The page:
Dark Water

Jennifer Connelly is not interested in being a Barbie doll pin-up girl or the recurring favorite of romantic comedies. She tends to gravitate towards disturbed characters trying to find their way through the muddled messes of life. In her career, she has mastered the art of playing a heroin junkie (Requiem For A Dream), sex-deprived wife of a schizophrenic (A Beautiful Mind), and homeless alcoholic (House Of Sand & Fog). If you are looking for a movie to brighten her image and offer something more uplifting, Dark Water isn’t it; but it does solidify her place in Hollywood as the anti-Meg Ryan.

Dahlia (Connelly) is not experiencing the high point of her life. Recently divorced from unfaithful husband Kyle (Dougray Scott) and fighting a brutal custody battle, she searches for a new place to live with her five-year-old daughter Ceci (Ariel Gade). Since most people living in New York City can only afford an apartment the size of an oyster with a similarly unpleasant scent, she looks to nearby location, Roosevelt Island. Upon entering a potential building, she notices cracks in the walls and puddles of water scattered across the floor. Managing agent Mr. Murray (John C. Reilly) does his best to pitch the place as a beacon of beauty, but there is no mistaking a dump for a palace. Dahlia is ready to catch the next bus out of town but Ceci curiously wants to live in that rundown building, and her request is reluctantly obliged.

It doesn’t take long to realize their residency in Apartment 9F is problematic. There is a massive leak on Ceci’s ceiling alongside her bed, as hideous and expanding as Jared Leto’s arm wound in Requiem For A Dream. Superintendent Veeck (Pete Postlethwaite) has no immediate interest in fixing it, and he and Mr. Murray delegate the task back and forth without resolve. The leak keeps growing, with dark water creeping out resembling black coffee. Dahlia goes to the sink for a drink of water, and finds her glass full of the same murky water, with a clumpy cluster of hair as an added bonus. Gross.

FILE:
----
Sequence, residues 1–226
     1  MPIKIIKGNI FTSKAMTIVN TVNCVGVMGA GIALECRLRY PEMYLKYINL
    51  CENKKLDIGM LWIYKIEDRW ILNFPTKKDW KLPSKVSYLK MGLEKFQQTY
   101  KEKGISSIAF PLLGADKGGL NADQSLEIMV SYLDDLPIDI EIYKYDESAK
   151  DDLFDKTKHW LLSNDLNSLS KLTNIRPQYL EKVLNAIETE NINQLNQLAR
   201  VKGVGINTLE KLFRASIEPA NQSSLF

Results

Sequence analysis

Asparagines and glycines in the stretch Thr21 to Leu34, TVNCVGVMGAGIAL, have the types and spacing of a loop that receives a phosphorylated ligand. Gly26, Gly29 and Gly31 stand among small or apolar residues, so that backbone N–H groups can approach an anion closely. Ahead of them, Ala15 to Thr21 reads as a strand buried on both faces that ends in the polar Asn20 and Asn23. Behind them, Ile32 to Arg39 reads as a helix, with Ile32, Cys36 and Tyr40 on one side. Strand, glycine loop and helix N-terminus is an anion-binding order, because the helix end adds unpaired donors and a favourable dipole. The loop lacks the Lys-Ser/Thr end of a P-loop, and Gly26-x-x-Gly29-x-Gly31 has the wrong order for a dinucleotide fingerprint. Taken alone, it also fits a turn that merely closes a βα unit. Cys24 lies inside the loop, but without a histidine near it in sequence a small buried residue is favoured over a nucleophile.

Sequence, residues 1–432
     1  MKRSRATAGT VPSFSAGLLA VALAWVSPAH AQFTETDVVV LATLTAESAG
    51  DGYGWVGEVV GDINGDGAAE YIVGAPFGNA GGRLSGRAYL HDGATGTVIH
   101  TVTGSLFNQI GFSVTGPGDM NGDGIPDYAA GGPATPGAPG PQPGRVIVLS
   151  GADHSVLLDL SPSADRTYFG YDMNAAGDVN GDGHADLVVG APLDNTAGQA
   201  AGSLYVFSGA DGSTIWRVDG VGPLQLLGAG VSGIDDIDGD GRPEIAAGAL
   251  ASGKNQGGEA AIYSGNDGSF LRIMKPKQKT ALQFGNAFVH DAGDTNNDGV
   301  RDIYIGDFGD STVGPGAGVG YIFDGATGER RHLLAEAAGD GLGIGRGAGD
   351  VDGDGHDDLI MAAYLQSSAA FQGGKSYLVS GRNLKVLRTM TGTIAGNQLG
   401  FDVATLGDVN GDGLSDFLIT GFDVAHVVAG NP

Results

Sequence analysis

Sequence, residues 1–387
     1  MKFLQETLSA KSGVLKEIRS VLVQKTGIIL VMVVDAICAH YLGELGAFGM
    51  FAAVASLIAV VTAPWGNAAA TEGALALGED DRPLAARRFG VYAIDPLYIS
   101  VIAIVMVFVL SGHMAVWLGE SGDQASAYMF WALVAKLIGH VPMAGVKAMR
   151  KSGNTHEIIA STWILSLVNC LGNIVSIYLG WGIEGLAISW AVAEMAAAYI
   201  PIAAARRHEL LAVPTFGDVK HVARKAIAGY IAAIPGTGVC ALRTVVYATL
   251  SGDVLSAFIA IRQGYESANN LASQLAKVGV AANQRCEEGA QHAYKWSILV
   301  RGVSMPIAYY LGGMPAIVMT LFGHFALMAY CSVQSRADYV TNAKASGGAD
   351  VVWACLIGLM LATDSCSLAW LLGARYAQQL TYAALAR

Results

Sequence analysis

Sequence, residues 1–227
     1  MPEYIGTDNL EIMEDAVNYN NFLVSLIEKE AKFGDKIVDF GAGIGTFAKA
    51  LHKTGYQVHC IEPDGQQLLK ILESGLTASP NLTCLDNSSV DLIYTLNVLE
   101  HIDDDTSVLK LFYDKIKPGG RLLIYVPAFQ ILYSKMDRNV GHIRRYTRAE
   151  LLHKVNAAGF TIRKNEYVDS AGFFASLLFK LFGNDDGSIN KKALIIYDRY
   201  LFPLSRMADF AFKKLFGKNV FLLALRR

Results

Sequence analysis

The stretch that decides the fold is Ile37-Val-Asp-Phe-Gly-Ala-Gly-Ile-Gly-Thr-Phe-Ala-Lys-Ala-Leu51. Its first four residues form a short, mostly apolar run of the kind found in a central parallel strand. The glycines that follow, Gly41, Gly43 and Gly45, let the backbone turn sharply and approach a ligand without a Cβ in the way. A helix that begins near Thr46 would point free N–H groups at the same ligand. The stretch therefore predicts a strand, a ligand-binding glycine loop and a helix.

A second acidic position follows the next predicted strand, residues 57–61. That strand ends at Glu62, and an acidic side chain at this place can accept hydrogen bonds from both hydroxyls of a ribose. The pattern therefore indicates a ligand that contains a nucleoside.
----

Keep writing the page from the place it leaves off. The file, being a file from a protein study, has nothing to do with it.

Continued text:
If bad plumbing isn’t enough of a setback, Dahlia learns that her daughter has a new friend who happens to be a bad influence. This newfound friend, Natasha, tells Ceci forbidden secrets, encourages naughty behavior, and sings creepy renditions of “Itsy Bitsy Spider”. The problem is that nobody else can see Natasha, and she has the same name as a girl who has mysteriously vanished from their apartment building. Dahlia starts to wonder if her child is a complete wacko, but she is so detached from reality herself that the line between truth and fantasy has become an endlessly hazy blur. Those are some great genes to be passing around.

As a horror movie, Dark Water misses the mark. It is difficult to scare audiences with the same regurgitated premise of supernatural shenanigans, and the movie doesn’t offer anything new to elicit thrills. A leaky faucet, a creaking staircase, and a freaky vengeful child are all fairly routine ventures for the genre. Although it fails to induce shrieks, the movie works surprisingly well as a psychological thriller. The acting is fantastic and the chemistry between all of the characters is perfect, notably in scenes with Connelly and Gade. They are entirely believable as mother and daughter, and you feel the strong connection between them. It is refreshing to see a very young actress emote raw talent and not survive on vacant lisping cuteness alone.

Dark Water will not break new ground or cause an outbreak of goosebumps, but its strong ensemble cast and mesmerizing atmospheric tones elevate the film above standard horror fare. In less competent hands the film would have been a complete failure, but director Walter Salles (Motorcycle Diaries) is great at portraying character dynamics and relationships. However, an overflowing toilet is not frightening even in the most talented of hands. Where is a good exorcist plumber when you need one?